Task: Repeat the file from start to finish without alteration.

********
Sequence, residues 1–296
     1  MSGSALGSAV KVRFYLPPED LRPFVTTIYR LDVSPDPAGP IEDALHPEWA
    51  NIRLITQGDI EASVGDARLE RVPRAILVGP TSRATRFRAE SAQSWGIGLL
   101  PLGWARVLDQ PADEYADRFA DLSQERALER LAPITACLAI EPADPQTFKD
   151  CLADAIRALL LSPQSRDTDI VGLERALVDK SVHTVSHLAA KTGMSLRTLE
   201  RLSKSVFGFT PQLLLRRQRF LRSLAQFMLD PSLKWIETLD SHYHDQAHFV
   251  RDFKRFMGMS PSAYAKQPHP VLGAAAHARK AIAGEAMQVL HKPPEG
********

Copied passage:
Sequence, residues 1–296
     1  MSGSALGSAV KVRFYLPPED LRPFVTTIYR LDVSPDPAGP IEDALHPEWA
    51  NIRLITQGDI EASVGDARLE RVPRAILVGP TSRATRFRAE SAQSWGIGLL
   101  PLGWARVLDQ PADEYADRFA DLSQERALER LAPITACLAI EPADPQTFKD
   151  CLADAIRALL LSPQSRDTDI VGLERALVDK SVHTVSHLAA KTGMSLRTLE
   201  RLSKSVFGFT PQLLLRRQRF LRSLAQFMLD PSLKWIETLD SHYHDQAHFV
   251  RDFKRFMGMS PSAYAKQPHP VLGAAAHARK AIAGEAMQVL HKPPEG